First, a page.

“Dramatically Poor”

German exports fell in September at the fastest pace since late last year, official figures show, adding to evidence that the eurozone crisis has infected the continent’s economic powerhouse.

September imports fell 1.6% and exports declined 2.5% month-on-month, seasonally adjusted data from the Federal Statistics Office showed. Overall exports were down 3.4% from a year earlier but orders from eurozone countries plunged 9.1%.

“The trade figures are a normal consequence of the dramatically poor industrial orders, which have fallen at their sharpest rate in a year.”

So Much For That Shootout

I still don’t know who Gary Cooper was here, but Mario Draghi just went from “I will do whatever it takes to preserve the euro” (and buy up Spanish and Italian bonds) to “the ECB may consider” doing so at a later date.

Needless to say, the markets were not amused. Cherchez la femme, I’d say (and it ain’t Grace Kelly).

What’s the hold up? Germany, perhaps. During a press conference afterwards, ECB vice-president Vítor Constâncio noted that only one member of the ECB was adamantly opposed to bond purchases. This seems to be a reference to Germany’s Bundesbank, which had vigorously opposed a central-bank bailout of Spain and Italy. And even though the Bundesbank doesn’t have a direct veto over ECB actions, it seems Germany, as the richest country in the euro zone, still has plenty of sway.

“For all the criticism of Merkel, she distinguishes herself from politicians on both sides of the Atlantic in that she has a plan.”

It’s High Noon

But which one is Gary Cooper?

Big spending Mario Draghi, the European Central Bank boss who is shooting for the outright central-bank purchase of European sovereign debt, or lonely Bundesbank chief Jens Weidmann (and pretty much the rest of conservative Germany) who is gunning to resist such a move as it would “dilute debt-laden governments’ incentive to reform, and lumber the central bank with too many risks and responsibilities, endangering its independence and credibility.”

And more importantly, who is Grace Kelly here and where is she when we need her?

“I will do whatever it takes to preserve the euro.”

The Lesser Of Two Evils

“Finally, a rating agency showed a sense for good timing. The announcement could hardly have come at a better time: Moody’s casts doubts on Germany’s top rating. The rating agency provided its top grade “AAA” rating with a negative outlook. This is perfect timing for the debate which has taken place these past few days concerning additional help payments to Greece.”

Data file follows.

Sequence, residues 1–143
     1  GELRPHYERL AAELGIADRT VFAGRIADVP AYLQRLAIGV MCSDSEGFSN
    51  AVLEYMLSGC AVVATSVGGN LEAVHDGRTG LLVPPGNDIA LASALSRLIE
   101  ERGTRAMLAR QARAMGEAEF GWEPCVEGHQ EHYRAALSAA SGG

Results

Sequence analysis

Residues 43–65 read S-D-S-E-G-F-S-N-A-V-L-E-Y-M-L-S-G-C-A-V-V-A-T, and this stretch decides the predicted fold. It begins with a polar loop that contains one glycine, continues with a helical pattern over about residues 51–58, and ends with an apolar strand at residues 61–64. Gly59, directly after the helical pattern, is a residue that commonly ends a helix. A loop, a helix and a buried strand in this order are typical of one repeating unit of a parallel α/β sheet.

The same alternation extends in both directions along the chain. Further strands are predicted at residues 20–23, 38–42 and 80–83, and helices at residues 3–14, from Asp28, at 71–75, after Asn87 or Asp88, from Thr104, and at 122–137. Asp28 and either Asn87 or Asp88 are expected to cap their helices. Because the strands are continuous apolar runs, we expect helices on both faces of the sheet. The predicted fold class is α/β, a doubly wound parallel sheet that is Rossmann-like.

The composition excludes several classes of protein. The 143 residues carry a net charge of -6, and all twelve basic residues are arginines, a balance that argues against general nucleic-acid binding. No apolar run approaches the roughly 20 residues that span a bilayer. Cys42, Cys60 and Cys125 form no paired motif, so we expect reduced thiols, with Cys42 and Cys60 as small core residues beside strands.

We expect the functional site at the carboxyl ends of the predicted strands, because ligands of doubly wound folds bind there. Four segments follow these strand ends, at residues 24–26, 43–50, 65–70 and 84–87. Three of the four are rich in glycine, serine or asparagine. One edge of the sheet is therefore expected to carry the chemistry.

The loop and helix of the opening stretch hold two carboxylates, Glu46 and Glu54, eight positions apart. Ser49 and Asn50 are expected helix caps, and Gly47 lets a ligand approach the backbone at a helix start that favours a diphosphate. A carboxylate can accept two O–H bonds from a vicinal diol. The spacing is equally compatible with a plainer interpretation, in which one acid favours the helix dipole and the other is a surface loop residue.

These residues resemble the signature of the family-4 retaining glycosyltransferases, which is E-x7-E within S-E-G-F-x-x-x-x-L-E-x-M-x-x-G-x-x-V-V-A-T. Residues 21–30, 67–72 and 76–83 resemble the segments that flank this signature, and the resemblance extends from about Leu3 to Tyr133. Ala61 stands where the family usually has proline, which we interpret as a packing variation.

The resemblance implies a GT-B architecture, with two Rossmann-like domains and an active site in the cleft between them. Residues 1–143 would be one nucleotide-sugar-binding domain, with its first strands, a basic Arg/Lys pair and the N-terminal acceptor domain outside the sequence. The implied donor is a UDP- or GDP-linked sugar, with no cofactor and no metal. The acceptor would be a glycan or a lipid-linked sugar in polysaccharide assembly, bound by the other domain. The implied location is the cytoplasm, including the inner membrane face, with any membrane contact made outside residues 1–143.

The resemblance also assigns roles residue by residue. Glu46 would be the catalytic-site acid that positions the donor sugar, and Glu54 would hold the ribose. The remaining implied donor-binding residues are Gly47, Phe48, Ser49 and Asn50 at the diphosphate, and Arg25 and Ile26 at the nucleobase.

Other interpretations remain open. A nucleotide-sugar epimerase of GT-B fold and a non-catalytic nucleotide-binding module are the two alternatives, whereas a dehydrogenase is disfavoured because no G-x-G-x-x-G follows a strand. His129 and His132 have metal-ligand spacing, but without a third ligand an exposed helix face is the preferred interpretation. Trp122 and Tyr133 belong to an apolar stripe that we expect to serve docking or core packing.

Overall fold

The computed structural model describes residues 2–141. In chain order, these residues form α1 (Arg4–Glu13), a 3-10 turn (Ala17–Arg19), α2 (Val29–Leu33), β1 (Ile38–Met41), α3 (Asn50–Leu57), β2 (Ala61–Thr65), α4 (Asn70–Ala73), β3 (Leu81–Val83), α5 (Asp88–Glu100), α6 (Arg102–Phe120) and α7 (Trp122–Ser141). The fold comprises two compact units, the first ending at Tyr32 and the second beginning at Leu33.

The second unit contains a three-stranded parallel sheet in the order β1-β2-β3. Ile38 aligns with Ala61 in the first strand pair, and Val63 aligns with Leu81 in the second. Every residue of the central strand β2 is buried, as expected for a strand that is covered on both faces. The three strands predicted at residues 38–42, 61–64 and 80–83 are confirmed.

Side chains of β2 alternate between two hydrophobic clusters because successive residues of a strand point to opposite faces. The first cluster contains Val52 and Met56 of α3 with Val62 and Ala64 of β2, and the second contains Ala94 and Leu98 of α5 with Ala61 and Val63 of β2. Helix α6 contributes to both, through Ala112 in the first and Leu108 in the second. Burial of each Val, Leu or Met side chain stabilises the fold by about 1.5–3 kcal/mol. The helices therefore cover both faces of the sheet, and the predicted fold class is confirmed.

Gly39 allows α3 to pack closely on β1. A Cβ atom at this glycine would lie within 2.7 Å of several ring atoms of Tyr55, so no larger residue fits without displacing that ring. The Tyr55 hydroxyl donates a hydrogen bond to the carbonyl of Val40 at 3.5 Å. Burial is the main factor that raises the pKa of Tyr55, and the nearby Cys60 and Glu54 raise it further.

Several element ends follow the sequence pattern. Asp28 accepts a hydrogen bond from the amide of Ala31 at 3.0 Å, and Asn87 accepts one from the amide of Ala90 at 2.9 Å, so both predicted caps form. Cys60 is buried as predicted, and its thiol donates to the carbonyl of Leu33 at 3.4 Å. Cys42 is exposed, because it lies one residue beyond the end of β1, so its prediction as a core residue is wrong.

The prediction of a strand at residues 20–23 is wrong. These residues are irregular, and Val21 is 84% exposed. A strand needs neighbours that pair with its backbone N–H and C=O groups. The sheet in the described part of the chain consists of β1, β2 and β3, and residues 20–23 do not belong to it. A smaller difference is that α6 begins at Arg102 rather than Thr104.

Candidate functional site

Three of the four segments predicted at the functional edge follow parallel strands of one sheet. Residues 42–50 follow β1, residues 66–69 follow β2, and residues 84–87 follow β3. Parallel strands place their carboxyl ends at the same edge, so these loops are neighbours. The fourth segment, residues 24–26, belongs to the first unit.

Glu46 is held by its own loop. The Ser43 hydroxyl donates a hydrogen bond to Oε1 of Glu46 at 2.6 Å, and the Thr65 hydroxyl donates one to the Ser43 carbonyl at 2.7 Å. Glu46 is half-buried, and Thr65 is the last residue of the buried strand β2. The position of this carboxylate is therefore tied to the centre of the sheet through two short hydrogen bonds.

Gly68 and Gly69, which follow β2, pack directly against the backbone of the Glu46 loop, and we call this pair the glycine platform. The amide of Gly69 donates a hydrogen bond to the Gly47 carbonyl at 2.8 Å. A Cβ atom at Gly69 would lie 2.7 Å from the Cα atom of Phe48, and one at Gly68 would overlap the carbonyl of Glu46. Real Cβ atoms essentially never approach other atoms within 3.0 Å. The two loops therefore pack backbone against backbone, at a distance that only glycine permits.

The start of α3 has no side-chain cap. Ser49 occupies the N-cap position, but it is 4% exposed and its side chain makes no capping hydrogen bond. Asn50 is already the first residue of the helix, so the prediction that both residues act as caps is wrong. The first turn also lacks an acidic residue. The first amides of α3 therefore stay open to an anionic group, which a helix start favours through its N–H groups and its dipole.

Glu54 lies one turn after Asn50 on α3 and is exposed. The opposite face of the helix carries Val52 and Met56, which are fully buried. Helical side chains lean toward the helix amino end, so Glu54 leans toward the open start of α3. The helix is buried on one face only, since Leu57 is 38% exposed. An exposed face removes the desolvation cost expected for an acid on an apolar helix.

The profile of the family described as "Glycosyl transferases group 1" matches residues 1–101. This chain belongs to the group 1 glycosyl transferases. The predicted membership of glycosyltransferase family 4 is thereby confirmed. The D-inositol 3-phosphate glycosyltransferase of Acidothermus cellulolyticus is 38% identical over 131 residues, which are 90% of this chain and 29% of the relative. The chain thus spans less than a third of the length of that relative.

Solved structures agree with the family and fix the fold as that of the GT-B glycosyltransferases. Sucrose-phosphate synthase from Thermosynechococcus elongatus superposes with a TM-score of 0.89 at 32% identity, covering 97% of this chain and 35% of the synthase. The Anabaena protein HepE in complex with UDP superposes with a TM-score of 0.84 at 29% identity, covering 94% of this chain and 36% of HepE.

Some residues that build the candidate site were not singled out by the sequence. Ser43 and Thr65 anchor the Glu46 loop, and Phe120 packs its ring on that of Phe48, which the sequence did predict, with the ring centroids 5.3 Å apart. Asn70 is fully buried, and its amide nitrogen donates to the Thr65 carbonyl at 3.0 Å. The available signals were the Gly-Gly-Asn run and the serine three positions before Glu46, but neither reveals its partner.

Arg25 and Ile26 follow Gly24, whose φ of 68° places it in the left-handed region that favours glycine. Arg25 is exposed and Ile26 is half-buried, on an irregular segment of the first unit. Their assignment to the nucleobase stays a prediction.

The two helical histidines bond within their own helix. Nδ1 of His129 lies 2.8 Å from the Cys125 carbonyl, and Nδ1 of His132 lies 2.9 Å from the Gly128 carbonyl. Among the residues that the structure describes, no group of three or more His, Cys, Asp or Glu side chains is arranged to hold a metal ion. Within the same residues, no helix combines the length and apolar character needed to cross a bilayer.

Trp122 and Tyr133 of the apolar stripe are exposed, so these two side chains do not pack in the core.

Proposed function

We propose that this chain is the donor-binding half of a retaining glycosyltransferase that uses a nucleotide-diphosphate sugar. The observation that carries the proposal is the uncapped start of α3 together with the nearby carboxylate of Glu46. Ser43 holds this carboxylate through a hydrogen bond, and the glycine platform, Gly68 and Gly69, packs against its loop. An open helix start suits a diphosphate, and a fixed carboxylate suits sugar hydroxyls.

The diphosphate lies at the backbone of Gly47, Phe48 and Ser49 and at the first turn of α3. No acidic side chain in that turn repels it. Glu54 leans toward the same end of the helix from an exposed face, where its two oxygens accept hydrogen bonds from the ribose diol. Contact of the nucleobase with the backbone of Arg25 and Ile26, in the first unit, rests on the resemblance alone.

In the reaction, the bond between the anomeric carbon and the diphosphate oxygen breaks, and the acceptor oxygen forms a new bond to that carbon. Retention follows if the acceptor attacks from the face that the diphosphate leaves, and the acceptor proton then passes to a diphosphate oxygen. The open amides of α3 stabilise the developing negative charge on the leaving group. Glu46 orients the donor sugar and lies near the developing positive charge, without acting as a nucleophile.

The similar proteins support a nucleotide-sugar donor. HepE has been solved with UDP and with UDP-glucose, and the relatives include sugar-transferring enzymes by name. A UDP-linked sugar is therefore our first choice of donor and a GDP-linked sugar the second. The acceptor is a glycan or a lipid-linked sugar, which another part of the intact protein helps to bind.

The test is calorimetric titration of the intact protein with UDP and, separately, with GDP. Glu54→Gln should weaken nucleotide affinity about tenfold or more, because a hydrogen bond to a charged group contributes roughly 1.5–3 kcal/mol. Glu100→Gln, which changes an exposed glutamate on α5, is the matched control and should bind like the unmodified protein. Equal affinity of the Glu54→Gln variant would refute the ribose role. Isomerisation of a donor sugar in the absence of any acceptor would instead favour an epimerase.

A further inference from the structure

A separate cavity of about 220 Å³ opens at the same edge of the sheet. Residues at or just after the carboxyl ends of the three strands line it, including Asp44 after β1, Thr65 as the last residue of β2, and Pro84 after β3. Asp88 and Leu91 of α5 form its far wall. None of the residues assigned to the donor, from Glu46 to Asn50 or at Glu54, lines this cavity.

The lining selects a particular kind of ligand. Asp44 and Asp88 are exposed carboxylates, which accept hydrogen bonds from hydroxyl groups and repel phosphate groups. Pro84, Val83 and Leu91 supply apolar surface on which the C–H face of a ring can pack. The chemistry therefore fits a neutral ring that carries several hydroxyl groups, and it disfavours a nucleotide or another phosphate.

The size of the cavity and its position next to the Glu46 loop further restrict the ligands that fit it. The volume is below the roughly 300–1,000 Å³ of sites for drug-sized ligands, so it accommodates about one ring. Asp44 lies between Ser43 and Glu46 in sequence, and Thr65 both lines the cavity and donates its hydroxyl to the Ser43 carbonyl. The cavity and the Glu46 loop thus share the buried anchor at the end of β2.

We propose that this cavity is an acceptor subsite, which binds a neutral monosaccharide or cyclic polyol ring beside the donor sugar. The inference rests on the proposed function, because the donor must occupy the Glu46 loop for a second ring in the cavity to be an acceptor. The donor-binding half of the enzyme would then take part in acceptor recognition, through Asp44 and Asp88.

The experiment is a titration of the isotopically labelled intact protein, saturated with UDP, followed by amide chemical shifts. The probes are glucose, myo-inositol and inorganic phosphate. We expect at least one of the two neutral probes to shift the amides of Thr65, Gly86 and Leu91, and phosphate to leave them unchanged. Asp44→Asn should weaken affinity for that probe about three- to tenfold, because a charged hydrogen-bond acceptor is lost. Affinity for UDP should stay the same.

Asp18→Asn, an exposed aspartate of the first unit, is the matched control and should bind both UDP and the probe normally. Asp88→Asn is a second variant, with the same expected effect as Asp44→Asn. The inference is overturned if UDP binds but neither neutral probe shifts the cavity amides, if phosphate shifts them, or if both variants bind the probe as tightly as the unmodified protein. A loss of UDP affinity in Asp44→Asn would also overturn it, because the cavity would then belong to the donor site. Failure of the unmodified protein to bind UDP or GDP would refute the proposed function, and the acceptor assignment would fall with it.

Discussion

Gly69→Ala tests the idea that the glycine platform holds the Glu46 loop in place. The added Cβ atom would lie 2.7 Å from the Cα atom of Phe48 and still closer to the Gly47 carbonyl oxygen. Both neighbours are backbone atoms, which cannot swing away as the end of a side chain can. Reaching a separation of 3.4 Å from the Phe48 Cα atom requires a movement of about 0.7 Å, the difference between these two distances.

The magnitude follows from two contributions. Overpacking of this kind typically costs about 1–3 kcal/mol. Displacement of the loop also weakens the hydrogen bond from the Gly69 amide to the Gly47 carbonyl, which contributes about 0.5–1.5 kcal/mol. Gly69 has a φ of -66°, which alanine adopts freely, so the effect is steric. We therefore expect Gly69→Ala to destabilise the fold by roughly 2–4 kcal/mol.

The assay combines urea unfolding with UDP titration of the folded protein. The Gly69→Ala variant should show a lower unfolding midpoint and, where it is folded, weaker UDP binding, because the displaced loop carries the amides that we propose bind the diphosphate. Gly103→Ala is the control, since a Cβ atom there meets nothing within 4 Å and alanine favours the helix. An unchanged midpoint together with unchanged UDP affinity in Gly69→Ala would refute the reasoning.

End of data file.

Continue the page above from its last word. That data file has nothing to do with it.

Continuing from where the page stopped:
“The agency gives two main arguments behind taking this step, and they should be clear to everyone.

First there is the danger that Greece would leave the euro: Then the danger of further contamination for other countries like Italy and Spain would be a threat.

But secondly there is another, far greater danger: If none of these countries leave the euro, then financially weak states would have to be supported indefinitely by the stronger ones.”

“Germany continues to find itself in a very solid economic and financial situation.”

I Know, I’ll Blame The Banks!

In a brilliant and risky move never yet attempted by a left-wing politician ever before, SPD boss Sigmar Gabriel has boldly proposed to improve his parties chances at next year’s federal election by “blaming the banks” for everything that has gone wrong in the financial sector and elsewhere.

“Mind-blowing,” one German political commentator said. “No one has been able to put these complex puzzle pieces together like this up until now. But by calling the banks extortionists, accomplices to tax evasion, hustlers and manipulators, Gabriel develops a subtle analysis of a highly complicated theme, thus making it easily accessible to the man on the street.”